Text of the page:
C. Slowly bend the right elbow and lower the dumbbell back to the starting position. Repeat on the other side.
The benefits of the Key Z Press
As Partida hinted, practicing the Z press can put a strain on your shoulders and core good. Here’s what you need to know about those important benefits, among others.
Improves daily functioning
By building strength in your shoulders, the Z-press can create everyday movement patterns a lot easier, says Partida. Reminder: The basis of the Z press is an overhead pressing movement, a movement pattern you probably do every day. You reach the ceiling with your arms to, for example, put a box of Christmas decorations on a high cupboard shelf. And you do the same as you gently toss your giggling baby in the air. By practicing this functional exercise and continuing to scale up in weight, you’ll be able to lift even heavier totes — and babies — with ease and in safe form.
Core Stability Challenges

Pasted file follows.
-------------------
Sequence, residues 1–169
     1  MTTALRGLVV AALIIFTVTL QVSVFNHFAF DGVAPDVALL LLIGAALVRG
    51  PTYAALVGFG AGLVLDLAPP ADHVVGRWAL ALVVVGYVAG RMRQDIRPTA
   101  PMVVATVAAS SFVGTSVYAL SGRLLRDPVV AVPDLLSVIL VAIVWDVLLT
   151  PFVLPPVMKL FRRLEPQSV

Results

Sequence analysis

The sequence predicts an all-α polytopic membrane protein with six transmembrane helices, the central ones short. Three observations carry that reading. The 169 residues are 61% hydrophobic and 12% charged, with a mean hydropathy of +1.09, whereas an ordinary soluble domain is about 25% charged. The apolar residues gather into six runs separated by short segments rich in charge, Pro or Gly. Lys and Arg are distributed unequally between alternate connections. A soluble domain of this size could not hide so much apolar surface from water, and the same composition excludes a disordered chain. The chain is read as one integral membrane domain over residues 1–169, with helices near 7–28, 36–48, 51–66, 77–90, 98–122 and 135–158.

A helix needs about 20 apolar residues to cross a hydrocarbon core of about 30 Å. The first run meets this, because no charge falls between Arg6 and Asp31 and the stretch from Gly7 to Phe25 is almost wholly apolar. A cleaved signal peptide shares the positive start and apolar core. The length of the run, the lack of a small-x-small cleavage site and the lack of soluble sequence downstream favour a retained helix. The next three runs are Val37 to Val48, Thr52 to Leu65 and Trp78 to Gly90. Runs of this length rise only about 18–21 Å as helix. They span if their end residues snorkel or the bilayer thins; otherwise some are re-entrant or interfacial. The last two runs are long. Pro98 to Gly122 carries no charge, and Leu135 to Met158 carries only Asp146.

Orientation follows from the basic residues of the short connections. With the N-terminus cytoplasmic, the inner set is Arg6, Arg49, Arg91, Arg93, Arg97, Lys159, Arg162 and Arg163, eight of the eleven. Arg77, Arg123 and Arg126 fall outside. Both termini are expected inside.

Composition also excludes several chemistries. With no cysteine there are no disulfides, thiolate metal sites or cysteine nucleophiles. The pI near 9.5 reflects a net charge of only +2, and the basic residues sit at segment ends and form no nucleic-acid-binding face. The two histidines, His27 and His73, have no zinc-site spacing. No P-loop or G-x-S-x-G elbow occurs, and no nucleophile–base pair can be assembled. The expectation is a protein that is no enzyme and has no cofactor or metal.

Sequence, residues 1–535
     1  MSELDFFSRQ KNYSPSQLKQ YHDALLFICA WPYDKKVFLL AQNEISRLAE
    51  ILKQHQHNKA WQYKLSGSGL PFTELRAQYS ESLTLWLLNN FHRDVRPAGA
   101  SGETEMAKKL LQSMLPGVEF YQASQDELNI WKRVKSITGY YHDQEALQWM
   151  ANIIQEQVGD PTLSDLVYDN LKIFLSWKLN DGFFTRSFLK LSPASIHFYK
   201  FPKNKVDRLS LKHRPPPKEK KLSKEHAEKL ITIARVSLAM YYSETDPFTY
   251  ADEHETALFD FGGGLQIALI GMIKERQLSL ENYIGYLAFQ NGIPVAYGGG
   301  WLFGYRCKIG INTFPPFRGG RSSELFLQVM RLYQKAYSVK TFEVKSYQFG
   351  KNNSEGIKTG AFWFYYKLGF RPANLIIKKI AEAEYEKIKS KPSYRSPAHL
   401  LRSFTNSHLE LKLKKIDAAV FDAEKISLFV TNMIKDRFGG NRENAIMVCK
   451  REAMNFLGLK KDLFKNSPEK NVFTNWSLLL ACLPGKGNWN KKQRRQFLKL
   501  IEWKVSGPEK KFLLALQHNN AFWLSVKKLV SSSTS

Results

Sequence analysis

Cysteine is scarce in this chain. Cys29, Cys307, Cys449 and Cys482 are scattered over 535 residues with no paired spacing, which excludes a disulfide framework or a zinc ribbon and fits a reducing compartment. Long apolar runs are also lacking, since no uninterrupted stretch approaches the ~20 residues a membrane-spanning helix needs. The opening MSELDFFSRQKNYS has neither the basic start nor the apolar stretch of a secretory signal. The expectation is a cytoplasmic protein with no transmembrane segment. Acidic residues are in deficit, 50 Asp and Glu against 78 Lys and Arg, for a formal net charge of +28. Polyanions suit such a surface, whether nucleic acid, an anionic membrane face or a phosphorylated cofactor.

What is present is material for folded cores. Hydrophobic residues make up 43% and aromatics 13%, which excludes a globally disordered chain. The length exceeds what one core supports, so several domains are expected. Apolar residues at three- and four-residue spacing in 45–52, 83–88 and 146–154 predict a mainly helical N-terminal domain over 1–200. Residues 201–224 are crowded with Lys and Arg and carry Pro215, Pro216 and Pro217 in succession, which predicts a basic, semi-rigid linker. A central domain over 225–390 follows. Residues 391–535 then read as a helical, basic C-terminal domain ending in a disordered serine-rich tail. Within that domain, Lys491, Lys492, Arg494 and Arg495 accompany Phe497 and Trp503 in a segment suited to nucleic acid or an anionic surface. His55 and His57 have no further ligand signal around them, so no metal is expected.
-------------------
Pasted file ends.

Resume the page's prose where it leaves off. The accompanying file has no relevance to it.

The Z press is not only a shoulder exercise, and it’s equally beneficial to your core, as it tests and builds stability in the muscle group, says Partida. ICYDK, your core is a bundle of muscles throughout your torso (including your rectus abdominis, obliques, transverse abdominis, and erector spinae) whose main job is to protect your spine and keep you upright. To do that, your core muscles need to be strong and able to contract enough to create stability To shape Previously reported. Without adequate core stability, you may experience lower back pain and tightness in your hips. “Your trunk keeps everything together and in place,” Partida adds. “If [your core] is not strong enough if you put your body through different types of movements, that [weakness] can potentially lead to injuries and back pain.”